'Deadly Illusions', John Costello and Oleg Tsarev. Century pounds 18.99.

(Photographs omitted)

Suggested Topics
Arts and Entertainment
Flora Spencer-Longhurst as Lavinia, William Houston as Titus Andronicus and Dyfan Dwyfor as Lucius
theatreThe Shakespeare play that proved too much for more than 100 people
A 1930 image of the Karl Albrecht Spiritousen and Lebensmittel shop, Essen. The shop was opened by Karl and Theo Albrecht’s mother; the brothers later founded Aldi
exclusivePunk icon Viv Albertine on Sid Vicious, complacent white men, and why free love led to rape
Arts and Entertainment
booksThe best children's books for this summer
Have you tried new the Independent Digital Edition apps?
ebookA unique anthology of reporting and analysis of a crucial period of history
Arts and Entertainment
Stir crazy: Noel Fielding in 'Luxury Comedy 2: Tales from Painted Hawaii'
comedyAs ‘Luxury Comedy’ returns, Noel Fielding on why mainstream success scares him and what the future holds for 'The Boosh'
Life and Style
Flow chart: Karl Landsteiner discovered blood types in 1900, yet scientists have still not come up with an explanation for their existence
lifeAll of us have one. Yet even now, it’s a matter of debate what they’re for
Arts and Entertainment
'Weird Al' Yankovic, or Alfred Matthew, at the 2014 Los Angeles Film Festival Screening of
musicHis latest video is an ode to good grammar. But what do our experts think he’s missed out?
Colombia's James Rodriguez celebrates one of his goals during the FIFA World Cup 2014 round of 16 match between Colombia and Uruguay at the Estadio do Maracana in Rio de Janeiro, Brazil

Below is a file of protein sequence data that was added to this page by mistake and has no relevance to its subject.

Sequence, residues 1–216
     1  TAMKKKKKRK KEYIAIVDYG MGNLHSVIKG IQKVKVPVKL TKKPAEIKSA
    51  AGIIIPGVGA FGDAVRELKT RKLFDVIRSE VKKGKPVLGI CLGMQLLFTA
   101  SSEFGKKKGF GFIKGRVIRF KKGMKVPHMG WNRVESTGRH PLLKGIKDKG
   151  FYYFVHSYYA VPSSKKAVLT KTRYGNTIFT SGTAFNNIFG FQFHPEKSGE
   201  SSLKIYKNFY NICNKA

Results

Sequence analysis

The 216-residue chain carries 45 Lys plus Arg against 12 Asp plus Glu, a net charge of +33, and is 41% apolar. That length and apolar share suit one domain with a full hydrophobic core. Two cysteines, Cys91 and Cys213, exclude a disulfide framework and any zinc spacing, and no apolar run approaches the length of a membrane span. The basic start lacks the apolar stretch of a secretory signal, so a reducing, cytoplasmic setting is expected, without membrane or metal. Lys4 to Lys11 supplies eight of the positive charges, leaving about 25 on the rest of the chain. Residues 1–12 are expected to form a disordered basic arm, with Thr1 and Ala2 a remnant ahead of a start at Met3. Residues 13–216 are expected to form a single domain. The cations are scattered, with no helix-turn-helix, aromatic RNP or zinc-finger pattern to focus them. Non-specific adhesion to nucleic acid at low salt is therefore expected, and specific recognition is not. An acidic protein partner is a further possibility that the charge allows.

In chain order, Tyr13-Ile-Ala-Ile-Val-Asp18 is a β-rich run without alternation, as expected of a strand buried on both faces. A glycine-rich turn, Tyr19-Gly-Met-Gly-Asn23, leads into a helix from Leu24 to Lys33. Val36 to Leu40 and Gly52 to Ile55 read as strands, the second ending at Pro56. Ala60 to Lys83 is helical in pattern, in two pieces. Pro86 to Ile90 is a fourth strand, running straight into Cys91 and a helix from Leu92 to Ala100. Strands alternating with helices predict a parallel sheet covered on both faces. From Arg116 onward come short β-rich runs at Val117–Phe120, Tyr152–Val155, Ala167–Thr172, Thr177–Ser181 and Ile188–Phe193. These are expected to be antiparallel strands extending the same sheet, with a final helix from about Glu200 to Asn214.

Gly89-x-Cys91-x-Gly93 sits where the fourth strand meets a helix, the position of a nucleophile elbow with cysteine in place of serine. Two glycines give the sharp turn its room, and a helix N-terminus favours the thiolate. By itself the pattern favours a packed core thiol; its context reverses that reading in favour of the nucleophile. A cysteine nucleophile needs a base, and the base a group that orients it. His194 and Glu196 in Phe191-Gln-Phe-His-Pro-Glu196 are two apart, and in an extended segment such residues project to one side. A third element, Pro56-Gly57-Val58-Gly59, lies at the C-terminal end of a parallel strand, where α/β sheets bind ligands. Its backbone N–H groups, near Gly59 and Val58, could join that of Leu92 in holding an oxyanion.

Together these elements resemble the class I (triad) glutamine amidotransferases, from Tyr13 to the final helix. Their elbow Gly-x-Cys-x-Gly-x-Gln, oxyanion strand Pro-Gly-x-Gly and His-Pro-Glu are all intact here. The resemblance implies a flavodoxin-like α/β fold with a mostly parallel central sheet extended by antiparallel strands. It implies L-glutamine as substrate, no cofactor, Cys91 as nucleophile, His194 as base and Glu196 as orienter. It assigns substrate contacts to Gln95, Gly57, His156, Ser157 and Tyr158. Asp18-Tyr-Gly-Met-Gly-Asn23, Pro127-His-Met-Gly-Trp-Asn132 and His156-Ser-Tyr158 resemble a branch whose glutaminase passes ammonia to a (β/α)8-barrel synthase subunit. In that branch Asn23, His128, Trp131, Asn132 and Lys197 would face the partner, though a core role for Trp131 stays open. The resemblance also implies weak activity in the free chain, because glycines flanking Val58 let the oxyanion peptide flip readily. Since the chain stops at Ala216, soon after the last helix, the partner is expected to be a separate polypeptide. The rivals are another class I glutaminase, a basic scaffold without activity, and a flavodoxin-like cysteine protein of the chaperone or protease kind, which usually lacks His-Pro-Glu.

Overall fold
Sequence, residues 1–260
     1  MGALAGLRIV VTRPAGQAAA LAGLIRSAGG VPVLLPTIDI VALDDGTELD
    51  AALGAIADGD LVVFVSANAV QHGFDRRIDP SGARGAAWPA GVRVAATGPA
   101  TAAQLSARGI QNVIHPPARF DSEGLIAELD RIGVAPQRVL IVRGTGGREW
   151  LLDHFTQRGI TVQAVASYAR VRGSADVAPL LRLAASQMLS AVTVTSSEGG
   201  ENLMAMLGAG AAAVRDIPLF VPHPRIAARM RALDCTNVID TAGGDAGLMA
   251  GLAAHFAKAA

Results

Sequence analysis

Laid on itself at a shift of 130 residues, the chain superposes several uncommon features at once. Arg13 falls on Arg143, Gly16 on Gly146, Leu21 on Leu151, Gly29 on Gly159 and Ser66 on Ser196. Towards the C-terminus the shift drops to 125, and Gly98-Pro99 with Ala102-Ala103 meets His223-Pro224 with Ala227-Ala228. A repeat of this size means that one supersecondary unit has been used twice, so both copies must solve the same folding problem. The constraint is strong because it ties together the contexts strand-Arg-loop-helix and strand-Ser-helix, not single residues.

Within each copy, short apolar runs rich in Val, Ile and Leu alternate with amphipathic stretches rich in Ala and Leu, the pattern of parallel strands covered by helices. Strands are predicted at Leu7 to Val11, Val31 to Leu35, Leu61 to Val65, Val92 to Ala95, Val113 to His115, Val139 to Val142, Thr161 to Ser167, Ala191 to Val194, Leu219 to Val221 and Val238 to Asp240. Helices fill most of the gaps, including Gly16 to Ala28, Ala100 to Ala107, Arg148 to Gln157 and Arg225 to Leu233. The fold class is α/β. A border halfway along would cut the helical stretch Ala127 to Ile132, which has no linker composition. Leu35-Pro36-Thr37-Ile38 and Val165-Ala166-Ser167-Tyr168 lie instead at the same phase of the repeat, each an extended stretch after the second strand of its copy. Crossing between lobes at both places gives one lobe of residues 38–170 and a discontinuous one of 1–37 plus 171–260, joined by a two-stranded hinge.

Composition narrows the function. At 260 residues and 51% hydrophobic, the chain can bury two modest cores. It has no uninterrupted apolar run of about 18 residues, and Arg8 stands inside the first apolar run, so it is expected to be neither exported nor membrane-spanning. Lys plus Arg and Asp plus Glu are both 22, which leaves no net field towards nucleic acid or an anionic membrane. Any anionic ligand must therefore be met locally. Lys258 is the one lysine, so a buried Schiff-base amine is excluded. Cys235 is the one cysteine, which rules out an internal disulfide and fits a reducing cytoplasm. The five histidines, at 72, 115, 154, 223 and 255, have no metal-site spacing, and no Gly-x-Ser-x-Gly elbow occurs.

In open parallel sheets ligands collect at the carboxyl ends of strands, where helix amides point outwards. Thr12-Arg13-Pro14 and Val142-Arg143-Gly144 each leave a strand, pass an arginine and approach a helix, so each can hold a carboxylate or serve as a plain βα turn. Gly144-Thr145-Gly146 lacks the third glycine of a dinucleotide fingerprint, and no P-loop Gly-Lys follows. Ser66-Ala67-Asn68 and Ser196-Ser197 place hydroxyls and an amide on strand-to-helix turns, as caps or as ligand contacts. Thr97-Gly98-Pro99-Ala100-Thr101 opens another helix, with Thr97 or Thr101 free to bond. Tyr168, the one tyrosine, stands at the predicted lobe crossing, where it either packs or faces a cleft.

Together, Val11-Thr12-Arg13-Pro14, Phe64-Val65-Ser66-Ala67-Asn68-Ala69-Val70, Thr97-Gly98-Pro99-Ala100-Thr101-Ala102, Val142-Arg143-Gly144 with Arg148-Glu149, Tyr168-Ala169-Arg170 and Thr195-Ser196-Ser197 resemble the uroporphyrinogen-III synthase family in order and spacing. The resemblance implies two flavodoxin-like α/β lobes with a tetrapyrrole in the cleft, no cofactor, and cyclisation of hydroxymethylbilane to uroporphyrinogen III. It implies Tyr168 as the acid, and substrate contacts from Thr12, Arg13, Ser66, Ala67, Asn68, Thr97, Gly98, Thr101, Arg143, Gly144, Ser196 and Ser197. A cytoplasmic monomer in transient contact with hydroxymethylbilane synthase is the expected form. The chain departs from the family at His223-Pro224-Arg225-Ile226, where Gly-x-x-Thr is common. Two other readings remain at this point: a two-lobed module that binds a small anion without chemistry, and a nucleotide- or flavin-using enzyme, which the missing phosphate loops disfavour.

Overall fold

sportColombian World Cup star completes £63m move to Spain
Arts and Entertainment
Standing the test of time: Michael J Fox and Christopher Lloyd in 'Back to the Future'
filmA cult movie event aims to immerse audiences of 80,000 in ‘Back to the Future’. But has it lost its magic?
Life and Style
News to me: family events were recorded in the personal columns
techFamily events used to be marked in the personal columns. But now Facebook has usurped that
Antoine Griezmann has started two of France’s four games so far
Life and Style
techYahoo Japan launches service to delete your files and email your relatives when you die
Life and Style
Child's play: letting young people roam outdoors directly contradicts the current climate
lifeHow much independence should children have?
Arts and Entertainment
Tycoons' text: Warren Buffett and Bill Gates both cite John Brookes' 'Business Adventures' as their favourite book
booksFind out why America's richest men are reading John Brookes
Travel Shop
the manor
Up to 70% off luxury travel
on city breaks Find out more
Up to 70% off luxury travel
on chic beach resorts Find out more
sardina foodie
Up to 70% off luxury travel
on country retreats Find out more
Latest stories from i100
Have you tried new the Independent Digital Edition apps?
Independent Dating

By clicking 'Search' you
are agreeing to our
Terms of Use.

iJobs Job Widget
iJobs General

Sustainability Manager

Competitive: The Green Recruitment Company: Job Title: Scheme Manager (BREEAM)...

Graduate Sustainability Professional